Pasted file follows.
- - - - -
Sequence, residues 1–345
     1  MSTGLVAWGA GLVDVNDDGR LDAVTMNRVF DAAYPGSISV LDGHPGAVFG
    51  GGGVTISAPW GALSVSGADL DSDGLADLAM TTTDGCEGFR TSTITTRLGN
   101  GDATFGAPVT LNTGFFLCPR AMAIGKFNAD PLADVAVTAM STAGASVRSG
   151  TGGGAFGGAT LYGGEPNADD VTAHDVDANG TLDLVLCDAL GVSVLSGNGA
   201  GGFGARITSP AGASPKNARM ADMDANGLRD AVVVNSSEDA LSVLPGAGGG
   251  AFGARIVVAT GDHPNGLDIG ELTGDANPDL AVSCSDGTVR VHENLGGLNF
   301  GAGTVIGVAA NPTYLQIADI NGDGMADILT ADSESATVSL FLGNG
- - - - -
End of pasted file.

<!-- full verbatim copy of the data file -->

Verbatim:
Sequence, residues 1–345
     1  MSTGLVAWGA GLVDVNDDGR LDAVTMNRVF DAAYPGSISV LDGHPGAVFG
    51  GGGVTISAPW GALSVSGADL DSDGLADLAM TTTDGCEGFR TSTITTRLGN
   101  GDATFGAPVT LNTGFFLCPR AMAIGKFNAD PLADVAVTAM STAGASVRSG
   151  TGGGAFGGAT LYGGEPNADD VTAHDVDANG TLDLVLCDAL GVSVLSGNGA
   201  GGFGARITSP AGASPKNARM ADMDANGLRD AVVVNSSEDA LSVLPGAGGG
   251  AFGARIVVAT GDHPNGLDIG ELTGDANPDL AVSCSDGTVR VHENLGGLNF
   301  GAGTVIGVAA NPTYLQIADI NGDGMADILT ADSESATVSL FLGNG